Update to Jeannette Kawas National Park After the Fire

This past weekend, a group of persons set fire to the heart of Jeannette Kawas National Park. The raging fire burned over 400 hectares, equivalent to about 1000 acres, of pristine tropical forests. It took the effort of the Honduran Air Force, the Honduras Army, the Tela Firemen and most of the population of Tela to extinguish the fire. The success was made possible thanks to the support and direct actions by the United States Bravo Task Force based at the Soto Cano Air Force base near Comayagua, who pitched in with a total of 4 helicopters, and a large contingent of persons who worked day and night for over 5 days.

Although the result is tragic, and we hope the culprits are found, put before a trial and sentenced, the good news is that no human lives were lost. It will take years to quantify the damages caused to the eco system.

On the bright side, we can categorically state that the most visited natural attraction in Tela is completely unaffected and open to the public. I refer to the Punta Sal Peninsula, which is part of the Jeannette Kawas National Park. The damage to the park is deep inside, and there are no visible signs of it from the coast line, which you follow on the boat trip from the beaches in Tela to Punta Sal. In addition, for those looking to visit the Garifuna Village of Miami, access is normal and there is no damage to be seen neither from the access road nor from the Los Micos Lagoon, which is also one of the main tourist attractions for the Jeannette Kawas National Park.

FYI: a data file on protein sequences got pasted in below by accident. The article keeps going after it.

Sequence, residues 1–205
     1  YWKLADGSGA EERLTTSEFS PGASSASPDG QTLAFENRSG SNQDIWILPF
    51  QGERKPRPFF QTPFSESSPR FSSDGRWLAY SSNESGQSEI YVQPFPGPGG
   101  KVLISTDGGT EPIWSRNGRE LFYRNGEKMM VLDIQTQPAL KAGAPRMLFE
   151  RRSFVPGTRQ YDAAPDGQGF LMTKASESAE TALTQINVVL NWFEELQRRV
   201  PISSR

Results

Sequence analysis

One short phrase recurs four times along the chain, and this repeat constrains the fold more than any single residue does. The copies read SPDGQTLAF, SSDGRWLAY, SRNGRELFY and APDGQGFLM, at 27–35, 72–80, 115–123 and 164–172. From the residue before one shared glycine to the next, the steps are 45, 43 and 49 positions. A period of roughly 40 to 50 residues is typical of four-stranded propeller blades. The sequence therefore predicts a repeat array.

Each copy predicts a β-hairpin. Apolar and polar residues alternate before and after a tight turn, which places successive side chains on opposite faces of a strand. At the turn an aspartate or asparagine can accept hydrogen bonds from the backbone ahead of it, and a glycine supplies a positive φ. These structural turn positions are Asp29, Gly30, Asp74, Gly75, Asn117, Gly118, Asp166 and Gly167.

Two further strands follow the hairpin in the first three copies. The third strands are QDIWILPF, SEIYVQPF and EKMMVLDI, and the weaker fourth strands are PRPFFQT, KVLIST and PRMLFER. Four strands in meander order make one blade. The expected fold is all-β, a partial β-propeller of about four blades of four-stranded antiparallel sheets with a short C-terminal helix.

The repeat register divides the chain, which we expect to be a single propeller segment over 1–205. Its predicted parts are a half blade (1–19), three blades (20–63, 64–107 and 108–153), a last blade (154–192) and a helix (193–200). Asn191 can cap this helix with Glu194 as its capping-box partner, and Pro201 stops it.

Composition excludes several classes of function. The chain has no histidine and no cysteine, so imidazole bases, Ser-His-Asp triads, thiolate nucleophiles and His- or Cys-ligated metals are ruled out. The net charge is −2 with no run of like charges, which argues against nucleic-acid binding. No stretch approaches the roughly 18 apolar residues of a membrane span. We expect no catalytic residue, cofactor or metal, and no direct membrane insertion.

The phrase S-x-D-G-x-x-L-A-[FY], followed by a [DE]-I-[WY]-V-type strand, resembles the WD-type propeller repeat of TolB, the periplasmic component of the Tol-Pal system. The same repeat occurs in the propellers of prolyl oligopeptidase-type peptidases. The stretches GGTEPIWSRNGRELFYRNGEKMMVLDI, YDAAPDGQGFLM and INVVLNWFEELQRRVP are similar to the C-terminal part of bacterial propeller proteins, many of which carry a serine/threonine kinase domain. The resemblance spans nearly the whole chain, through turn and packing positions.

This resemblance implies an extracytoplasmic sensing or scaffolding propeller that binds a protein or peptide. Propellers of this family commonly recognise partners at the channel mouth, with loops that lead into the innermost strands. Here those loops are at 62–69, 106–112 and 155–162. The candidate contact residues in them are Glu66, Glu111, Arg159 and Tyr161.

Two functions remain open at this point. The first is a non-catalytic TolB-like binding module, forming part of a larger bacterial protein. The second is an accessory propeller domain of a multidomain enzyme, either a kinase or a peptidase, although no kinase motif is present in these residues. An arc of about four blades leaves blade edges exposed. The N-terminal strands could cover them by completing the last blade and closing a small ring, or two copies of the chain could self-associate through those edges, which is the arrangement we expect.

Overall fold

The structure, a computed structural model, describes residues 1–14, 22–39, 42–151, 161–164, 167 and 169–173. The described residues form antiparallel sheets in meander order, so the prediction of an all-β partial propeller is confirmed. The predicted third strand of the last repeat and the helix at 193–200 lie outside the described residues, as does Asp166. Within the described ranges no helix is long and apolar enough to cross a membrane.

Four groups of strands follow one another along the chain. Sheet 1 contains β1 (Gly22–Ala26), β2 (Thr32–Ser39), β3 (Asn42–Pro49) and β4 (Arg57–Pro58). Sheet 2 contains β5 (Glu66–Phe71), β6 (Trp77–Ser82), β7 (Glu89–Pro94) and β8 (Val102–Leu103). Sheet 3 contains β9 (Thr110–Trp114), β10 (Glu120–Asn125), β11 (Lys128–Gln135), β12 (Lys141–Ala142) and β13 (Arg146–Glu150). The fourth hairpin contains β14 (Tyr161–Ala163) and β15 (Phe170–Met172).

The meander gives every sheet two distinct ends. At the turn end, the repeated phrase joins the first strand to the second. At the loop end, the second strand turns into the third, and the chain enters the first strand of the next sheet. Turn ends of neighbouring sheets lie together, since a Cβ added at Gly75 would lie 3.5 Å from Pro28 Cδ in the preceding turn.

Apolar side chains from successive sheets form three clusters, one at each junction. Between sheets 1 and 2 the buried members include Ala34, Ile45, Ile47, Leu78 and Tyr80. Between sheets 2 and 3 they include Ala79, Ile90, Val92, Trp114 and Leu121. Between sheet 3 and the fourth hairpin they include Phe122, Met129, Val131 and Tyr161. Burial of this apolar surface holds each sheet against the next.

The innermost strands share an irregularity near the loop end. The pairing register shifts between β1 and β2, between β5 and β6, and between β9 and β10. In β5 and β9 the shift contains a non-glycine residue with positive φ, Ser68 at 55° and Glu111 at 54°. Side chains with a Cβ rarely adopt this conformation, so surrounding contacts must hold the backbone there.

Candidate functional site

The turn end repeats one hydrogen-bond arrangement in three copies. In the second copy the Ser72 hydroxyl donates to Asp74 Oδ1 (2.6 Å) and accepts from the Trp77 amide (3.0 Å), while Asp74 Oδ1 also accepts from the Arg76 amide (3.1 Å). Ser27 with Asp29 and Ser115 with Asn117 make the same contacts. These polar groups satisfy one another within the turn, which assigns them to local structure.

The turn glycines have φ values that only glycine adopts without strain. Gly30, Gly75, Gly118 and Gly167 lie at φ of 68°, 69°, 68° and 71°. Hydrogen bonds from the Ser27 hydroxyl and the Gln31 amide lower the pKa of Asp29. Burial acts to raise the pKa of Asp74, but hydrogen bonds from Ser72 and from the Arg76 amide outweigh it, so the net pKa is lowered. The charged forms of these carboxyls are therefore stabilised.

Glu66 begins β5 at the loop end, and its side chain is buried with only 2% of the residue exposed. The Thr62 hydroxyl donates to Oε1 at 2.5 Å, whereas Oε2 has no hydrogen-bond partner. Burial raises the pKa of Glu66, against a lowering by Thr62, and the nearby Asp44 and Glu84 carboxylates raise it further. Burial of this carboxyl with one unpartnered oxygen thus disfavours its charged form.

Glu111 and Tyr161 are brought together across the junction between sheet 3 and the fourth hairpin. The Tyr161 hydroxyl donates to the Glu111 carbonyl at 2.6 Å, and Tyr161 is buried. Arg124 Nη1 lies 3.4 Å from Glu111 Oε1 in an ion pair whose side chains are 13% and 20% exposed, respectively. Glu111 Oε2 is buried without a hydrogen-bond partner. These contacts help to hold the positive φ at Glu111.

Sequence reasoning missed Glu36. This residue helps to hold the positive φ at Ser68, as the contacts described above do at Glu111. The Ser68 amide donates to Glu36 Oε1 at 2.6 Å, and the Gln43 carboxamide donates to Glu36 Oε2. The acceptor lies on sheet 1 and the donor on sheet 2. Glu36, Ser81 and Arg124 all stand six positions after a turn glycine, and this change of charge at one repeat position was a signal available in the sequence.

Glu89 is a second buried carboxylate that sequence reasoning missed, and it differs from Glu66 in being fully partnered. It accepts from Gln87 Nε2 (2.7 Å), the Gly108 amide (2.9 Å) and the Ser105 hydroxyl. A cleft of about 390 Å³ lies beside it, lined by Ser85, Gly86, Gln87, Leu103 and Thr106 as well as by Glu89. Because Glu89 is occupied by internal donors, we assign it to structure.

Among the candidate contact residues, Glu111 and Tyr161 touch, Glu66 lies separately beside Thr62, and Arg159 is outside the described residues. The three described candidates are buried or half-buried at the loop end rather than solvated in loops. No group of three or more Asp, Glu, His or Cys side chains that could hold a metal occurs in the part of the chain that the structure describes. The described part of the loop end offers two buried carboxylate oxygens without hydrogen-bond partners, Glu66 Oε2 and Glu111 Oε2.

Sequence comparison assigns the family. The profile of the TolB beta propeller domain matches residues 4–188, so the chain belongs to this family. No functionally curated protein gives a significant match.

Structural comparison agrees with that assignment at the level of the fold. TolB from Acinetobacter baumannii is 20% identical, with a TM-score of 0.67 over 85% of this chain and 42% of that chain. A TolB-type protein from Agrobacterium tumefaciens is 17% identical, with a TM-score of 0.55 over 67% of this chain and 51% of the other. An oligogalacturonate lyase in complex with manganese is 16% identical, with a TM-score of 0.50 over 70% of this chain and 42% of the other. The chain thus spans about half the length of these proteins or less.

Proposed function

From a visitor’s point of view, Tela, and the Punta Sal National Park continue to be a very attractive part of Destination Atlantida and can be enjoyed to the fullest.

I hope you find this update to Jeannette Kawas National Park useful and that can proceed to continue your plans of visiting Tela and Jeannette Kawas National Park. As a matter of fact, if you are interested in helping restore the damaged area of the park; one good way to do so is by visiting Tela and buying a tour to the park. When you do so with one of the official tour operators, you are paying an entrance fee that goes to the park administration, and the funds will be extremely handy in the wake of efforts to restore the damage and keep invaders out of the park.